November 6 was marked as the International Day of Prayer for the Persecuted Church, and Christians around the world prayed for their fellow believers who are being persecuted in different parts of the globe.
On the International Day of Prayer, Christians from over 100 countries came together to raise those laborers in faith who suffer every day for the sake of the Gospel.
The day was first celebrated in 1996 as "Day of Prayer for Iran" when an Iranian pastor was murdered in the country. It has become an annual day of prayer when Christians lift up their brothers and sisters in Christ and join in their support for them.
Incidents of persecution of Christians are reported frequently in the international media, which recount how believers are targeted for sharing the gospel, distributing tracts, and even assembling in homes.
"From merciless killing, destruction of churches and buildings, to being forced to denounce Jesus as their Lord, Christians are being stripped of the ability to follow Christ in safety and freedom," Open Doors USA said on its website.
"Because we have freedom of religion in the United States, we can freely and openly worship Jesus Christ. Let us stand in the freedom we have to pray for our persecuted brothers and sisters around the world," it continued.
A Nigerian pastor was quoted as saying by Open Door: "Only guns of love can silence guns of hatred. What better way to love someone than to pray for them?"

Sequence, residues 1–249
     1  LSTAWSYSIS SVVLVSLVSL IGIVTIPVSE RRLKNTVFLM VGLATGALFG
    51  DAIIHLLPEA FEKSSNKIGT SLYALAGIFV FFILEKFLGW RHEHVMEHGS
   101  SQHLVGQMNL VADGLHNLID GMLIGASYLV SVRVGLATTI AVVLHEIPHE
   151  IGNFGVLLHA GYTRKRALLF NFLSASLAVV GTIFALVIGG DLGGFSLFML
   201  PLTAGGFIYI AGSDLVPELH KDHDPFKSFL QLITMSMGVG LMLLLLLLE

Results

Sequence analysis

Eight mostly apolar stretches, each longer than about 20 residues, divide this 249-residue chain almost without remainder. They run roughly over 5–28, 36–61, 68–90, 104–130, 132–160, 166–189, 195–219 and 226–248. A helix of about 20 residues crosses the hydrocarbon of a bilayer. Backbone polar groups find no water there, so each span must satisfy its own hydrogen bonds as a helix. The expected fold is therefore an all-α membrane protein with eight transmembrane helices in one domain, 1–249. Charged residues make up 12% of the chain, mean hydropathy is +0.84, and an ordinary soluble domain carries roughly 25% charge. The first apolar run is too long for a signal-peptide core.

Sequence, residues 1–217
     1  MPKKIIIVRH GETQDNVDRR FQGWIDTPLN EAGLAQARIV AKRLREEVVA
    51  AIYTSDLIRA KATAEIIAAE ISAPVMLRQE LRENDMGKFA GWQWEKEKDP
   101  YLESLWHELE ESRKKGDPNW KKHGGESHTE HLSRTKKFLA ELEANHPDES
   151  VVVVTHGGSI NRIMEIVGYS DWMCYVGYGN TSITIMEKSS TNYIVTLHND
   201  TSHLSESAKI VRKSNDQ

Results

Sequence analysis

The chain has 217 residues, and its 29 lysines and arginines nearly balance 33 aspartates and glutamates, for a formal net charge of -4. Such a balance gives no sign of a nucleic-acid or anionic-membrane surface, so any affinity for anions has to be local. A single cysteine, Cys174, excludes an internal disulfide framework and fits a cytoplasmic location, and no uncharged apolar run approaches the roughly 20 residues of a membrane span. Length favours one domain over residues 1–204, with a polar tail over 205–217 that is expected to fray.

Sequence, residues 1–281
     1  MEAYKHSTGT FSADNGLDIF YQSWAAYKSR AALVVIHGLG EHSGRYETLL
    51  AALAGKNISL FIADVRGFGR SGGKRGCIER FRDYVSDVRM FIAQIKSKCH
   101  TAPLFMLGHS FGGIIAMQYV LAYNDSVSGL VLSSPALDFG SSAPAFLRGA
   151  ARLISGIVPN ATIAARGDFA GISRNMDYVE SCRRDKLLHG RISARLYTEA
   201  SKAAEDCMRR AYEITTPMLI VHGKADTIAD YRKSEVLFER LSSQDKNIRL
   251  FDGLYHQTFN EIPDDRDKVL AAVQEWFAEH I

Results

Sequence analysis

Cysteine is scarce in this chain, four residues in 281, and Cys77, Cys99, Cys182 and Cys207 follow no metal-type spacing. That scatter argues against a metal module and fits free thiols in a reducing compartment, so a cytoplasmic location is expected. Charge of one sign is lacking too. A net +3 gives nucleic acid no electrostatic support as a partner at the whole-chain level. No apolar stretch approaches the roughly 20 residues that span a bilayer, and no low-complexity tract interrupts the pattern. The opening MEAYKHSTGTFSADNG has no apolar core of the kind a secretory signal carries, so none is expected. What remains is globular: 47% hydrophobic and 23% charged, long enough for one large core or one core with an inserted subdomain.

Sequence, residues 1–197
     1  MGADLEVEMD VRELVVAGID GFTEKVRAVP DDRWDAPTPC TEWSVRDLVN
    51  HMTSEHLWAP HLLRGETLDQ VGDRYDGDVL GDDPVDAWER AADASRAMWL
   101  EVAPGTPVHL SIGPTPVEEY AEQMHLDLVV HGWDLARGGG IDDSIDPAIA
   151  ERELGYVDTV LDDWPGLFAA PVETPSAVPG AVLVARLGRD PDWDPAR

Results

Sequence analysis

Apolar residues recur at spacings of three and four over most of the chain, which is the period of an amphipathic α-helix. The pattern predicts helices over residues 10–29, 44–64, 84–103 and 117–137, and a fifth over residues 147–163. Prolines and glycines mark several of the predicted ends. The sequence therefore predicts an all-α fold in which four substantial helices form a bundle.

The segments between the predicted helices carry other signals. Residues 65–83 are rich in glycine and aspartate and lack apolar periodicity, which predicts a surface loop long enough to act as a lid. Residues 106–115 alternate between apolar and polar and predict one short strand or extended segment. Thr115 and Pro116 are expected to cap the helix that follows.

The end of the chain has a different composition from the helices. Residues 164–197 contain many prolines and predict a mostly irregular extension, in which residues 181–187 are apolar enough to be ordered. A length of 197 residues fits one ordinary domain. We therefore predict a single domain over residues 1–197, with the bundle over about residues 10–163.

Christians around the world are invited to pray for persecuted believers on the first and second Sundays of November every year. The International Day of Prayer (IDOP) ministry has distributed devotionals, Sunday School materials, and prayer points via dropbox.
"According to statistics, persecution is the daily reality of at least 100 million Christians around the world," said Godfrey Yogarajah, Executive Director of the World Evangelical Alliance and the Religious Liberty Commission.
"These Christians, who face routine harassment and difficulties, often suffer in silence and isolation. Over the years, the IDOP has served as a platform to highlight their stories and advocate their plight. Moreover, in so doing, the IDOP has also been a source of solidarity and encouragement to persecuted Christians by reminding them that they are part of a larger, global family of believers."
"We believe that God uses the prayers of his people to strengthen and deliver suffering saints. Based on scripture, we are also convinced that though sorrow maybe the present reality of those suffering for Christ, triumph is their ultimate reward," he continued.